Parafield Airport this week celebrated 90 years of operation with the official opening of the Parafield Aviation Heritage Centre.
Housed in the old fire station building on Kings Road, the centre includes memorabilia and historical accounts from Parafield Airport and South Australia’s early aviation pioneers.
Mark Young, Managing Director of Adelaide and Parafield Airports said the centre aimed to store the history of Parafield.
“The idea of the Parafield Aviation Heritage Centre is to display items showcasing key themes and events that have occurred at Parafield Airport over the past 90 years,” he said.
“The old airport fire station has turned out to be the perfect location. We anticipate the centre will become a focal visitor attraction for the northern suburbs and an educational hub for school groups to learn more about Parafield Airport’s rich history.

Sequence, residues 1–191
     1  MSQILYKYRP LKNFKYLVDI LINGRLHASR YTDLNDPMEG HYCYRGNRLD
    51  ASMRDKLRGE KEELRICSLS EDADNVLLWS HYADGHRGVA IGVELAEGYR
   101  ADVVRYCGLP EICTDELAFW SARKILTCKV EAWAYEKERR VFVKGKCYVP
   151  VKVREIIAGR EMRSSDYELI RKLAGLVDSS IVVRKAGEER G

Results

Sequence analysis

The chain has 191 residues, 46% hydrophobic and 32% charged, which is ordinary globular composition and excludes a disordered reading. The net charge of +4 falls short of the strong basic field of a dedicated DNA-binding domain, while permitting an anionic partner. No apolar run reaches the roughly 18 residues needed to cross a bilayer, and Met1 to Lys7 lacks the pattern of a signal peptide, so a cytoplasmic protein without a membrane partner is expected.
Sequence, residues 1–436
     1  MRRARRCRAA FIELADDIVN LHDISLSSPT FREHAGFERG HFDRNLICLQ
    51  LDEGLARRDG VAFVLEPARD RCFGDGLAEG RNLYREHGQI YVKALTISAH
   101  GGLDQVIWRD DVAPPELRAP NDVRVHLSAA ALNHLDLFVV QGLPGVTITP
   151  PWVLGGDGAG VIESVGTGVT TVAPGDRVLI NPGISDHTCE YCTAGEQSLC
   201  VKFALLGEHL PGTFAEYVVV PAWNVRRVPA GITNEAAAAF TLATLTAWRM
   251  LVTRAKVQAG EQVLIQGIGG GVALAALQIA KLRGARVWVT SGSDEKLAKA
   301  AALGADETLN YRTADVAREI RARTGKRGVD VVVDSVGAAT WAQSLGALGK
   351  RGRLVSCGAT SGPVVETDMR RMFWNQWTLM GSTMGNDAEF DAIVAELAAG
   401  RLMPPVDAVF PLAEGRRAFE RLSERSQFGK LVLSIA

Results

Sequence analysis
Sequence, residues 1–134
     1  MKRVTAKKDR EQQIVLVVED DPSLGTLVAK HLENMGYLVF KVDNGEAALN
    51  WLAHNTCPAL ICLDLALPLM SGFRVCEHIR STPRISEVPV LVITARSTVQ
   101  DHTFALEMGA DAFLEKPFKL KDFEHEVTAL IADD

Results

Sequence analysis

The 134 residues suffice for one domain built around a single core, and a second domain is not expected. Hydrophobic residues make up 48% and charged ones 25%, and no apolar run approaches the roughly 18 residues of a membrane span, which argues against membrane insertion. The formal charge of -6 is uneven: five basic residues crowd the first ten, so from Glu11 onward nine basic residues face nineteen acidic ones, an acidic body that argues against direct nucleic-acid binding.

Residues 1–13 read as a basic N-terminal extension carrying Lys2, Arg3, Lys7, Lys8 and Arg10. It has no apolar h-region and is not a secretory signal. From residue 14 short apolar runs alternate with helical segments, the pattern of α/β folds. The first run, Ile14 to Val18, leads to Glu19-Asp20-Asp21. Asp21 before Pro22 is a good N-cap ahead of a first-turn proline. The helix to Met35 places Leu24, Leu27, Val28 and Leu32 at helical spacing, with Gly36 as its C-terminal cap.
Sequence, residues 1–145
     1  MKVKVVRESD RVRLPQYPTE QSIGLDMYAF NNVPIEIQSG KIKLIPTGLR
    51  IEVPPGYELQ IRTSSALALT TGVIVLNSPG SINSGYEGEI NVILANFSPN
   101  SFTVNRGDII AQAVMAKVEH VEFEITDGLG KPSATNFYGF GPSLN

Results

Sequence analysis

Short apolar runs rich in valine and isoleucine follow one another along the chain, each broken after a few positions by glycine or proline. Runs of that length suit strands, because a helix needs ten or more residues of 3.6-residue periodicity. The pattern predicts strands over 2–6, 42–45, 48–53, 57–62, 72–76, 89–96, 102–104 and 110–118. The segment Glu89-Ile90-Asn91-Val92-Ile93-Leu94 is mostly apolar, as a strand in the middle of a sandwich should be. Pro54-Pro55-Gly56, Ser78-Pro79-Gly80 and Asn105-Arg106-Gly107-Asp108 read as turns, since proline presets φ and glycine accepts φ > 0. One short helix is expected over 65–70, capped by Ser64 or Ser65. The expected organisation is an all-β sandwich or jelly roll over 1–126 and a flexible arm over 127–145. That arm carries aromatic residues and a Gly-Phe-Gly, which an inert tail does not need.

“A significant number of aviation and heritage experts have provided their support over the past year to create what you see today and I congratulate everyone who has played a part in bringing this project to fruition.”
Parafield Airport has called for volunteers with a keen interest in aviation history to help run the centre, and also would like to hear from anyone who may have their own piece of aviation history from the past 90 years and may be willing to donate or loan their memorabilia to the centre.
Parafield Airport was first used as an "all over" airport in 1927, when Miller Aviation Company (later MacRobertson Miller Airways in Western Australia) and Australian Aerial Services moved from the main airport at Albert Park.
Parafield operated as Adelaide’s main aerodrome from 1927 to 1955. It was a port of call in early transcontinental air races, and welcomed Queen Elizabeth II during her Australian Coronation tour in 1954.
Today Parafield is Adelaide's major general aviation and training airport, averaging over 200,000 movements per year.